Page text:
Earlier this week, Mono County was assigned to Tier 2 (Red) within the California Blueprint for a safer economy. The reassignment (a Covid danger designation) was one of many among California counties as the Covid-19 pandemic continues to spike throughout the state. When the dust settled, 41 counties had been placed into the most restrictive tier, Tier 1 (Purple), 11 were in Tier 2, 4 including Inyo County remain in Tier 3 (orange) and two, Alpine County and Mariposa County are in Tier 4 (Yellow).
Mono County’s re-designation was the result of a relatively steep increase in cases throughout the county over the past few weeks. On the first of the month, total cases were at 189; by the 18th, the total was 234. County public health officials had expressed concern in recent weeks over the increased new caseload, which doubled with each passing week.
This increase is independent of the outbreak at the Mountain Warfare Training Center north of Bridgeport, where a total of 259 positive cases have been reported. Mono County filed an adjudication request to the state in an attempt to keep the Training Center’s numbers separate from the county’s as the incident at MWTC has remained isolated to that location.
The tier reshuffling comes as the nation grapples with widespread increases in cases, hospitalizations and deaths. On Wednesday, November 18, Johns Hopkins University reported that overall a quarter of a million citizens had died as a result of the pandemic, surpassing a grim benchmark estimated by White House Coronavirus Taskforce leader Dr. Anthony Fauci back in March.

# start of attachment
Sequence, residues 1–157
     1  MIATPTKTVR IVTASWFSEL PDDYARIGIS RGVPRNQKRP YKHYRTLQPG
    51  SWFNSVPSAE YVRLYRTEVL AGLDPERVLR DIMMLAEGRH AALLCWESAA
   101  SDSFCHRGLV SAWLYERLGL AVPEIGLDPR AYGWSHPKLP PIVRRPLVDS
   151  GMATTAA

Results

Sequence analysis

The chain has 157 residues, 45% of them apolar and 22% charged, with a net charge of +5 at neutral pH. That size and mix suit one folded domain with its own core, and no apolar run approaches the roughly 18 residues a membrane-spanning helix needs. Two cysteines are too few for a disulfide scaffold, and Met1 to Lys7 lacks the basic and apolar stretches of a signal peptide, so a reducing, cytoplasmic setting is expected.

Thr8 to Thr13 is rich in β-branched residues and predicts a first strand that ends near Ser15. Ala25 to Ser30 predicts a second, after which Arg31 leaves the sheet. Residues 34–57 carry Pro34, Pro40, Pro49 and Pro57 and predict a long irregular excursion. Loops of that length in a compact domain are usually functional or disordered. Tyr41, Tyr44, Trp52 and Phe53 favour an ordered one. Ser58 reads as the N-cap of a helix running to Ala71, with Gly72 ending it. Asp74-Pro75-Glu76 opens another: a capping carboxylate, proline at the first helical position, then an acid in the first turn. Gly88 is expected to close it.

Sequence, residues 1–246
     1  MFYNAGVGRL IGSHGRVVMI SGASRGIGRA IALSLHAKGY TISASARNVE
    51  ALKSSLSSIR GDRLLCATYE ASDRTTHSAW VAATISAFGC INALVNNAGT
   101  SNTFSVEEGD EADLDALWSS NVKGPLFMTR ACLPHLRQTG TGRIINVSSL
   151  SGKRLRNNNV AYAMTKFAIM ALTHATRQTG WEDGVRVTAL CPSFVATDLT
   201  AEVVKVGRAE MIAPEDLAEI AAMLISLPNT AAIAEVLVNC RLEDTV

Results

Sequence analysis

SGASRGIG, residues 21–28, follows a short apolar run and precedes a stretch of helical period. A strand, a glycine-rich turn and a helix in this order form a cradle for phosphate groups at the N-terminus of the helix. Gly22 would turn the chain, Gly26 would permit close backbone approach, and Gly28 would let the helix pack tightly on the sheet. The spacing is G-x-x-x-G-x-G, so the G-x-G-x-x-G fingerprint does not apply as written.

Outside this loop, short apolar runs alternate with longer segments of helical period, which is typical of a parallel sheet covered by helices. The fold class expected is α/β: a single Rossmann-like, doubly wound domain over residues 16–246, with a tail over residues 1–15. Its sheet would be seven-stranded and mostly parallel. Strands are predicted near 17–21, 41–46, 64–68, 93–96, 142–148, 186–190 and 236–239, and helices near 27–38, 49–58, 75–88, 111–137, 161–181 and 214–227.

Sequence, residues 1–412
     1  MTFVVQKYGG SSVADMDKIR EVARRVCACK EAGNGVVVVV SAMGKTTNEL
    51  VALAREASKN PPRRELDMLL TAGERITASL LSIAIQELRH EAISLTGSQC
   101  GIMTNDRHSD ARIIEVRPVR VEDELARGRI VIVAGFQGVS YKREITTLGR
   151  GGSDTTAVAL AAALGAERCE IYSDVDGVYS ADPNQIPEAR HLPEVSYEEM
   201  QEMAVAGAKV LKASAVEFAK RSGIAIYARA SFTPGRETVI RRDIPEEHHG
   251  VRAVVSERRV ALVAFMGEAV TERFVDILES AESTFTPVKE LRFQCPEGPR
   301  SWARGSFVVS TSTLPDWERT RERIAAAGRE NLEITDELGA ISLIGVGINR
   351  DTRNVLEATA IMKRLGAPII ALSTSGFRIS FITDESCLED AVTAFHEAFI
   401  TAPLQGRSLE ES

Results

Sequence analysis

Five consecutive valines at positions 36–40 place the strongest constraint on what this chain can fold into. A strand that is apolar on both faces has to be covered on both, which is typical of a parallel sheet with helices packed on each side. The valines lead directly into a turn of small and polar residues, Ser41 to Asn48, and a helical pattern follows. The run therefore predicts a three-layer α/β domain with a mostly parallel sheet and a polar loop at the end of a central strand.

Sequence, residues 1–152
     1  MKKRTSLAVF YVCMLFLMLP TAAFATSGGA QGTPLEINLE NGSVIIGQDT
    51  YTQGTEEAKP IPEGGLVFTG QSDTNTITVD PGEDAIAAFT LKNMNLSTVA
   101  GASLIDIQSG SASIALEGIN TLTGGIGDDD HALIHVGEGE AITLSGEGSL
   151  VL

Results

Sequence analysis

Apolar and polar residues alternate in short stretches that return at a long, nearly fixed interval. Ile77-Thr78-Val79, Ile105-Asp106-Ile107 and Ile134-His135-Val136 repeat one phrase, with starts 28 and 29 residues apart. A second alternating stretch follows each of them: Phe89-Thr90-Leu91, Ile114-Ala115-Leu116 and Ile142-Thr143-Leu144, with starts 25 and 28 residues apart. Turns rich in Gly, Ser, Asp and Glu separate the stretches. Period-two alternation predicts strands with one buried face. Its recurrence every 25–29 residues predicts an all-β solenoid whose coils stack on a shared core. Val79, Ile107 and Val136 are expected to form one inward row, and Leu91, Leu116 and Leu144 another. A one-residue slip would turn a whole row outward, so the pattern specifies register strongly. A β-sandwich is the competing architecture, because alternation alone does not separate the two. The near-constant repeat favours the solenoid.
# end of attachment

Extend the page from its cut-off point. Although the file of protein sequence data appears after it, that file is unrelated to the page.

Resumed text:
Moving to the Red Tier has consequences for local business: indoor capacity for restaurants, movie theaters, and places of worship will be limited to 25%, while gyms and fitness centers will operate at 10% capacity.
On Tuesday, the Mono County Board of Supervisors held a joint meeting with Mammoth Lakes Town Council to discuss the re-classification, the impacts it would have on the county, and the path forward. The meeting had previously been scheduled as an opportunity to hear an incident report from Emergency Operations Center representative and Mammoth Lakes Fire Chief Frank Frievalt.
Public Health Officer Tom Boo opened the discussion by telling the assembled officials that the upward trend of Covid-19 cases in Mono County follows state and nationwide trends. Hospitals around the state and region, he explained, are being impacted by an
increase in serious cases and that while they are still by and large functioning, there is “concern to maintain the capacity and function of California hospital systems.” He added that the Reno-area hospitals, frequently used by Mammoth Hospital and Northern Inyo Hospital for transfers, are nearing crisis-level capacity and may not have space for much longer.
Locally, the new outbreak has had its largest presence in Mammoth Lakes, home to about half of the county’s population. But, Boo told the officials, there has been increased transmission in other areas of the county as well. The overall positivity rate (amount of positive tests out of the overall tests conducted) for the period that the state looked at in determining the move to the Red Tier was over 5%. If that number goes up to and stays at 8%, the county will most likely end up in Tier 1.
That change could happen as early as next week. Boo explained that the state has pulled its “emergency brake,” a statute built into its guidelines that allows for reduced lag time in determining a county’s tier level. “There is no longer anything that we can really count on as far as what period they’re going to be looking at or how often they’re going to be making new tier assignments,” Boo said.